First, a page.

Genomic integrity and mitochondrial metabolism defects in Warsaw syndrome cells: a comparison with Fanconi anemia

Roberta Bottega, Silvia Ravera, Luisa M R Napolitano, Viviana Chiappetta, Nicoletta Zini, Barbara Crescenzi, Silvia Arniani, Michela Faleschini, Giuseppe Cortone, Flavio Faletra, Barbara Medagli, Fabio Sirchia, Martina Moretti, Job de Lange, Enrico Cappelli, Cristina Mecucci, Silvia Onesti, Francesca M Pisani, Anna Savoia

Research output: Contribution to journalArticlepeer-review


Warsaw breakage syndrome (WABS), is caused by biallelic mutations of DDX11, a gene coding a DNA helicase. We have recently reported two affected sisters, compound heterozygous for a missense (p.Leu836Pro) and a frameshift (p.Lys303Glufs*22) variant. By investigating the pathogenic mechanism, we demonstrate the inability of the DDX11 p.Leu836Pro mutant to unwind forked DNA substrates, while retaining DNA binding activity. We observed the accumulation of patient-derived cells at the G2/M phase and increased chromosomal fragmentation after mitomycin C treatment. The phenotype partially overlaps with features of the Fanconi anemia cells, which shows not only genomic instability but also defective mitochondria. This prompted us to examine mitochondrial functionality in WABS cells and revealed an altered aerobic metabolism. This opens the door to the further elucidation of the molecular and cellular basis of an impaired mitochondrial phenotype and sheds light on this fundamental process in cell physiology and the pathogenesis of these diseases.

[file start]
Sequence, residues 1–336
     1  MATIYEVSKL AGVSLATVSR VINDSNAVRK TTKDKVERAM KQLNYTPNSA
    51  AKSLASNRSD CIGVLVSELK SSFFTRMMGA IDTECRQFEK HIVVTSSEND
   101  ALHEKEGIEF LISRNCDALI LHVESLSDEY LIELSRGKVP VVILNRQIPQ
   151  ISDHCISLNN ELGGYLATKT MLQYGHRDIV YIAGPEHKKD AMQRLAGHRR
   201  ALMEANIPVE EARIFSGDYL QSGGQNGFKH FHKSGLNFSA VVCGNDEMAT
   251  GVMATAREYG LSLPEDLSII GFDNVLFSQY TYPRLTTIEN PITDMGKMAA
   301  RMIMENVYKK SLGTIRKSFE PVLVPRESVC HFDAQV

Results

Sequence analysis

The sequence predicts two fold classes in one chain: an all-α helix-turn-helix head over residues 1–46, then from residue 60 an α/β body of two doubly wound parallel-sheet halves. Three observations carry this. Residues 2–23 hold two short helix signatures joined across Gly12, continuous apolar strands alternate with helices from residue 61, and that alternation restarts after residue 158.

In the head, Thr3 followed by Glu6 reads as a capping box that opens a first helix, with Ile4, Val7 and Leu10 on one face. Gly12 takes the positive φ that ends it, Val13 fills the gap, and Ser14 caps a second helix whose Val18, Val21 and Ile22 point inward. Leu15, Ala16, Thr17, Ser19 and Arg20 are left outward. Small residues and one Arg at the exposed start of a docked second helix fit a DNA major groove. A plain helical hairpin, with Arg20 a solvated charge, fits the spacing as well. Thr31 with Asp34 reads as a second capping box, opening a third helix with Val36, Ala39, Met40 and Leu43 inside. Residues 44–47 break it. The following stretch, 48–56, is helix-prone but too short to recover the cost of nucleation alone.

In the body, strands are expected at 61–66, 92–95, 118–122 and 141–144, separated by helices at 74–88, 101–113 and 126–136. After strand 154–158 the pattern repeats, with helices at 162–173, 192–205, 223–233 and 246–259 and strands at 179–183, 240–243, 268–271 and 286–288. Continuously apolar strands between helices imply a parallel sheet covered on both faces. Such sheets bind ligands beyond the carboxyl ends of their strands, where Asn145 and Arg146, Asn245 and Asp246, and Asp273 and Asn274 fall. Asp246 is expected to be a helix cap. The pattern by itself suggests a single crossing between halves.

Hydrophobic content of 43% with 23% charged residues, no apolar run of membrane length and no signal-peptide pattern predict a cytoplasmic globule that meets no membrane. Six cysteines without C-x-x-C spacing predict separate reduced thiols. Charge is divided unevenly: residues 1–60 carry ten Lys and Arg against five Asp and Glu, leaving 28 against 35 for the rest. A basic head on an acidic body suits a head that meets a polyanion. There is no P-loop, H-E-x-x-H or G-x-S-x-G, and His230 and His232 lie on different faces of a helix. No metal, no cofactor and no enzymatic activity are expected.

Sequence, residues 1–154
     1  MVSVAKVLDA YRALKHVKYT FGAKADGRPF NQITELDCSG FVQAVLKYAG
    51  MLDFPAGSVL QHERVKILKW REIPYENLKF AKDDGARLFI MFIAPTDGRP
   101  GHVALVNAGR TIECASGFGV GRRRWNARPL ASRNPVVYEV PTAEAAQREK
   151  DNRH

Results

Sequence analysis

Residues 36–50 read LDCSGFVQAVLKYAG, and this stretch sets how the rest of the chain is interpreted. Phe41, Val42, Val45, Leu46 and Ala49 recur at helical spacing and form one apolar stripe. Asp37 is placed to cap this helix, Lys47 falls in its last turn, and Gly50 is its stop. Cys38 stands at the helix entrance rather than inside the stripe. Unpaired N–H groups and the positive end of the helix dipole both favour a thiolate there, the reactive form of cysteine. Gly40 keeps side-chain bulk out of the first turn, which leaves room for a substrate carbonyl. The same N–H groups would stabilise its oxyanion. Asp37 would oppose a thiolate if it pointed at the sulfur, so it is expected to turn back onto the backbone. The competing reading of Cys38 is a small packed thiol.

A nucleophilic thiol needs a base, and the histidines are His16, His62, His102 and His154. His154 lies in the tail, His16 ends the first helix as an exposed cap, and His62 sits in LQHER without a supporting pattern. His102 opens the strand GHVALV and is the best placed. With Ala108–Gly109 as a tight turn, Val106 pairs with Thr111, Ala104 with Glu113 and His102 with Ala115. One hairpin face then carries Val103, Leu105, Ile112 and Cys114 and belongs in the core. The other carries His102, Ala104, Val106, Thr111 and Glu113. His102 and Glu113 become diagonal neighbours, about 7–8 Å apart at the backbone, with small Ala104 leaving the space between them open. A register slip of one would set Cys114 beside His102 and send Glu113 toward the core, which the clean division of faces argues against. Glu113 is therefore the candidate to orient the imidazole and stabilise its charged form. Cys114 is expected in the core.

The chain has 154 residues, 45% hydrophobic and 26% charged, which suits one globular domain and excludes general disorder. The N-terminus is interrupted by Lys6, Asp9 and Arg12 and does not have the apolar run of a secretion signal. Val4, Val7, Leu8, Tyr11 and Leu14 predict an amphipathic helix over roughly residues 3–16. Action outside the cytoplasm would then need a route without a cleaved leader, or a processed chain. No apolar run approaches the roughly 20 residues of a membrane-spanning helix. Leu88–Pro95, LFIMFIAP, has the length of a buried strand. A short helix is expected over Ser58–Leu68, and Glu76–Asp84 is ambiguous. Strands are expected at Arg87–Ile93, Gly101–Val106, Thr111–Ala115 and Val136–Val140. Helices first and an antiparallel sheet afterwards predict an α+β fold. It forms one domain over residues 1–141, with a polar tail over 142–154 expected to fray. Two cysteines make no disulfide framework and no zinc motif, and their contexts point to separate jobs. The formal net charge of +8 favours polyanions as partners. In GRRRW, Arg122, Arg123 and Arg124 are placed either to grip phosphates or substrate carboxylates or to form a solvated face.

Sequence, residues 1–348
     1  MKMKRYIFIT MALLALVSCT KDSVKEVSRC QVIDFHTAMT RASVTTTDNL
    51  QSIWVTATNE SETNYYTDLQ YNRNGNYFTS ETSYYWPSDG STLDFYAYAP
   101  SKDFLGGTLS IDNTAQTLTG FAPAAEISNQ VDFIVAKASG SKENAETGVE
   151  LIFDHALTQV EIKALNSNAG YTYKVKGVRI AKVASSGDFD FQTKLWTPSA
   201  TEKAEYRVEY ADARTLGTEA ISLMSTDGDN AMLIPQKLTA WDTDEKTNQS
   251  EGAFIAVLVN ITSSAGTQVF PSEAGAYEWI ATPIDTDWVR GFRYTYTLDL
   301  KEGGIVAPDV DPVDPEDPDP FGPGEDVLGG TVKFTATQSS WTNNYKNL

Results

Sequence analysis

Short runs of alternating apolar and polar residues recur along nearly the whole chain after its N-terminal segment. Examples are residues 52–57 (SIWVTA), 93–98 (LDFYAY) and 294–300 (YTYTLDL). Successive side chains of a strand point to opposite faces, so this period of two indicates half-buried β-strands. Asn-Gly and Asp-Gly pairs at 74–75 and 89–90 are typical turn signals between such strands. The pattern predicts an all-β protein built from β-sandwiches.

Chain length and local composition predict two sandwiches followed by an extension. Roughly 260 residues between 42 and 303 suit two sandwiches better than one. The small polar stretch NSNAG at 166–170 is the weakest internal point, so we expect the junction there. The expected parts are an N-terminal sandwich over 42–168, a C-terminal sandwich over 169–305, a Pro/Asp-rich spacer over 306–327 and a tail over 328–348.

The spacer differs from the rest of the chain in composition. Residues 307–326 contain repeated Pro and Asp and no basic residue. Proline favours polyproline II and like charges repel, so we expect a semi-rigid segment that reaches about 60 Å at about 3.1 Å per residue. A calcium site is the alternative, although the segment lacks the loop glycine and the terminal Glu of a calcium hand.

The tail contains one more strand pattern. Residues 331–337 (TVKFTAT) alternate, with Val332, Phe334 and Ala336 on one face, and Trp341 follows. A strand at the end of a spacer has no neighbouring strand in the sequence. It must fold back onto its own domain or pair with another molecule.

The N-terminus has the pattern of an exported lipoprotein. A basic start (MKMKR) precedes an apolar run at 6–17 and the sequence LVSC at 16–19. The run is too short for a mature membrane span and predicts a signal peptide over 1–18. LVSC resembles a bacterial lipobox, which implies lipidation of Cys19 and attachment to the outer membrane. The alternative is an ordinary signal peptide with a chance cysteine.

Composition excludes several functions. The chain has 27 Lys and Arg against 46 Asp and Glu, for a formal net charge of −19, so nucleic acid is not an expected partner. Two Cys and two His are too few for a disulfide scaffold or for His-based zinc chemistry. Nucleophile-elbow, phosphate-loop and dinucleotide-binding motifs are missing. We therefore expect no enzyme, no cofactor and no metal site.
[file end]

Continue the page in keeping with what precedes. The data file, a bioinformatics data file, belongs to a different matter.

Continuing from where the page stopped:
Original languageEnglish
Pages (from-to)5664-5675
Number of pages12
JournalJournal of Cellular Physiology
Issue number8
Publication statusPublished - Aug 2021


  • Abnormalities, Multiple/genetics
  • DEAD-box RNA Helicases/genetics
  • DNA Helicases/genetics
  • Fanconi Anemia/genetics
  • Genomic Instability/genetics
  • Genomics
  • Humans
  • Kearns-Sayre Syndrome/genetics
  • Mitochondrial Myopathies/genetics
  • Mutation/genetics


Dive into the research topics of 'Genomic integrity and mitochondrial metabolism defects in Warsaw syndrome cells: a comparison with Fanconi anemia'. Together they form a unique fingerprint.

Cite this